Iowa State University Extension has been on the lookout for the emerald ash borer, Agrilus planipennis. This exotic beetle from Asia infests healthy ash trees, as well as ones that are weak or dying. Researchers have not identified ash trees resistant to emerald ash borer (EAB) attack. More than 25 million ash trees have died from EAB in the Midwest. Iowa has an estimated 55 million ash trees in rural forests and 20 million in urban settings.
EAB Infested Areas. EAB has not yet been found in Iowa. The closest known infested site is Peru, Ill., approximately 85 miles east of Davenport. The epicenter of EAB is Detroit, Mich. where it is thought this beetle was brought in on infested wood crating. EAB has spread throughout Michigan and to sites in Illinois, Indiana, Maryland, Missouri (extreme SE), Ohio, Pennsylvania, Wisconsin (just below Milwaukee) and West Virginia. Click here for the latest distribution map from USDA. These areas are under federal quarantine to limit the movement of this destructive pest. On their own, EAB adults can fly one to two miles. Long-distance expansion of this pest has unintentionally occurred by moving infested containerized ash trees and ash wood product, of which firewood is the major culprit.
The Damage Done. Although adult EAB beetles feed on ash leaflets, it is the larval stage that kills trees. These creamy white, flattened larvae feed just under the bark in the nutrient-rich cambium tissues. As they feed, they produce winding tunnels that cut across the active xylem and phloem vessels, which carry water, minerals, and nutrients throughout the tree. The parts of the tree beyond an EAB-infestation slowly starve and die, usually within two to four years.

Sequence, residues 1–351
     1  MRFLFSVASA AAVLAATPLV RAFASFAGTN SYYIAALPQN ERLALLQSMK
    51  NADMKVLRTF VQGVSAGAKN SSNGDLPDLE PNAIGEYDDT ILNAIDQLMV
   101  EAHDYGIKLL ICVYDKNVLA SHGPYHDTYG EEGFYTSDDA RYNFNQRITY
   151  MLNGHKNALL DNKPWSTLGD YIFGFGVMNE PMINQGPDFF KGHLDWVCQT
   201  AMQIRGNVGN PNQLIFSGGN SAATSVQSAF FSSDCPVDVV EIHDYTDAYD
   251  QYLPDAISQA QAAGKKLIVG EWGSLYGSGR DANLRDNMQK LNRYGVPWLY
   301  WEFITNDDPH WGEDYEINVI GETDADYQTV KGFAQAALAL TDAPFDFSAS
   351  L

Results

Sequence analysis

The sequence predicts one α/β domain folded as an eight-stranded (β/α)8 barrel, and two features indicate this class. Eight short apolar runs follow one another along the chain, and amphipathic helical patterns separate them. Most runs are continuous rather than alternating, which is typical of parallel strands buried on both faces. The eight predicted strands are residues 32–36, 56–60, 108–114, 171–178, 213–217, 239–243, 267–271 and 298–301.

2008 Surveillance. ISU Extension canvassed Iowa during 2008 in collaboration with the Iowa Department of Agriculture and Land Stewardship, Iowa Department of Natural Resources Forestry, U.S. Department of Agriculture (USDA) Forest Service and USDA Plant Protection Quarantine program. At 235 high risk sites (private and public campgrounds), 1270 trees were visually inspected for signs of EAB symptoms. 652 sticky traps were placed in ash tree canopies during adult EAB flight period; all traps were negative for this beetle. More than 400 sentinel trees were removed this fall and contractors are in the process of removing the bark to look for signs of EAB.
What You Can Do To Prepare
- Determine if you have ash trees. See Identification of Common Trees in Iowa
- Protect your trees from mechanical injuries (lawn mowers, trimmers, construction, and vehicle parking on root zone)
- KNOW the symptoms of EAB activity:
- Thinning and dieback of branches
- Water sprouts on the trunk or main branches
- D-shaped exit holes in the bark
- Flattened white larvae found feeding under the bark and producing serpentine tunnels
- Dark, metallic green beetles (1/2 inch long) on or near ash trees
- REPORT suspect ash trees or beetles to ISU Extension Entomology (515) 294-1101 or the State Entomologist (515) 725-1470
- Encourage governmental officials to make EAB preventive efforts a priority
- Use only local firewood
- Do not apply preventive insecticide treatments at this time. See HHPN April 9, 2008 for more detail.
- Learn more at Pest Management and the Environment or http://www.emeraldashborer.info/
This article also appeared in the January 2009 issue of ISUE Acreage Living, a monthly newsletter for rural residents highlighting timely topics on country living, available on-line.
Adult emerald ash borer. Photo from www.EmeraldAshBorer.info
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